Second Off: Once you've got X11 on the local and remote machines, you'll also need to get SSH on both. It's built-in within OS X, but you'll need to install it on some Linux flavors and within Cygwin, too, if I remember correctly.
Third Off: You'll need some way for the two machines to find and talk to each other. You'll need the Remote machine's IP address and/or name (if you've got some kinda name server thing). You'll also need to make certain that port 22 (or whatever port you're going to use for SSH, 22 is the default) is open and not blocked by a firewall. Finally, you'll obviously need a login on the remote machine as well.
Fourth Off: Test your X11, make certain it works locally, and then test your SSH, and make certain you can talk with the remote machine just via a simple command line.
Fifth Off: OK, now's the only somewhat-tricky part. You'll need to edit your SSH configuration files to tell it to allow X11 forwarding on the remote machine. You'll need to find a file called 'sshd_config'. It's usually within /ECT/SSH/, however to keep things fun and interesting different folks put it in different places. Simply add these lines somewhere within it:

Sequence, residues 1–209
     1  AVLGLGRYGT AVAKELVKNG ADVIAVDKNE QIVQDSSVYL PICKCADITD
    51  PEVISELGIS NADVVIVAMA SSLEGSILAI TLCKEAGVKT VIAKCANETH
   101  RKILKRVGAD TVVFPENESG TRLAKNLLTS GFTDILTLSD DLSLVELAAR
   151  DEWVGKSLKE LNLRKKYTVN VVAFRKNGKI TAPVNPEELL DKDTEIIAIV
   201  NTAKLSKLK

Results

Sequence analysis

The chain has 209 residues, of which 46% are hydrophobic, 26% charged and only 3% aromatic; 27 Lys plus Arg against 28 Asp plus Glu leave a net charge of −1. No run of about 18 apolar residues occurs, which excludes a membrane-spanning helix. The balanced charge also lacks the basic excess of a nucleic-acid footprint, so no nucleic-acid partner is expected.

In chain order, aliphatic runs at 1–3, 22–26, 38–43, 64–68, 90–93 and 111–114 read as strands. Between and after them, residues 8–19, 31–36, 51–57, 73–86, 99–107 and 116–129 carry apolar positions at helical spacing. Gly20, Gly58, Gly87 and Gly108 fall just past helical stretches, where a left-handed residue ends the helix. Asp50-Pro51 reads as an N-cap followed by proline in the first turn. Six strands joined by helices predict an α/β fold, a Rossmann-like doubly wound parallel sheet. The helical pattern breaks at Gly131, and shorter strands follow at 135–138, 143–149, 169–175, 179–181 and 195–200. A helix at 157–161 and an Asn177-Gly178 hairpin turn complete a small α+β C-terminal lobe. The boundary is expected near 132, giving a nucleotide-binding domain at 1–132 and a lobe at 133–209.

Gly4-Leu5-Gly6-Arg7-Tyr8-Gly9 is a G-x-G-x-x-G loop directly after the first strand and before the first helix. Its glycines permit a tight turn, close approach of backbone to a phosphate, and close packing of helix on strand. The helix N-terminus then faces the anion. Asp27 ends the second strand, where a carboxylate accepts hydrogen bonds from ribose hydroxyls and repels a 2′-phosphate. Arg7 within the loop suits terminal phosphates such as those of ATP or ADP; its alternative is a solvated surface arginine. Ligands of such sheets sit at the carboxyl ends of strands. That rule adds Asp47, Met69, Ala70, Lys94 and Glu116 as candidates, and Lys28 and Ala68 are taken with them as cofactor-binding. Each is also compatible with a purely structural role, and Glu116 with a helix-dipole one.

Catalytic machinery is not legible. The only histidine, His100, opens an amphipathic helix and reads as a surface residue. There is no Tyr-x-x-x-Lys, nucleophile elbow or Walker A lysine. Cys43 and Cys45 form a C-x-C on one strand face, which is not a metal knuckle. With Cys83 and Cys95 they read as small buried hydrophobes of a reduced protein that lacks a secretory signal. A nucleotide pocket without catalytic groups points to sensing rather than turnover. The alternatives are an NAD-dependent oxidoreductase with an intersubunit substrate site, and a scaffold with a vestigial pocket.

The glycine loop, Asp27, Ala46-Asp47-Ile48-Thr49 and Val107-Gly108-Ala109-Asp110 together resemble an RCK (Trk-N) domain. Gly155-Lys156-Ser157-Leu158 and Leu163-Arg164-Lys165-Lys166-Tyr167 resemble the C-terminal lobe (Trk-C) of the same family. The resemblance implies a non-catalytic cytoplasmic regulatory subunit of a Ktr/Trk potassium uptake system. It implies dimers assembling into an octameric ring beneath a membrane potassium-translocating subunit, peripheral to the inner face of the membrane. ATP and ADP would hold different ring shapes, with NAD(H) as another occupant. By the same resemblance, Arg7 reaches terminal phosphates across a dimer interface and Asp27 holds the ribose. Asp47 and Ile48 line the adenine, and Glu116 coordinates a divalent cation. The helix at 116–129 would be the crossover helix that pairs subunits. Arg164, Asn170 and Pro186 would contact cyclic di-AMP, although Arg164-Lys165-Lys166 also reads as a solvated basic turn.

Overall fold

X11Forwarding yes
X11DisplayOffset 10
These tell it that it's OK for the SSH Daemon running on the server to forward the requested X11 windows out over SSH (duh) but I'm too stupid to know what the 'X11DisplayOffset 10' line is for...
Sixth Off (and we're on!): OK, now's the not-tricky-at-all-part. Fire up whatever runs X11 for ya (in my case, that's going into Cygwin and typing 'startx'), and run a new xterm by cleverly typing in 'xterm'. This is an X11 shell, and it should open up a new window. Now, type in 'ssh  -Y your_login@your_remote' (obviously, put in your login and your remote's IP/server name in there instead, and make certain that's an uppercase Y in there, for that puts it into a trusted mode that makes this work). Type in your password to your account on the remote machine, and hit enter. You should be presented with a simple command prompt on the remote machine. Let's test that it's working, so type in 'xclock' and hit enter. You should see a window pop-up with a clock within it (ooooh!). Now, simply run any normal command that uses a GUI by typing in it's name (ala 'blender' in my case) and lo and behold it's window will pop up on your local machine, but the program will be running on the remote machine. Welcome to the 1980's!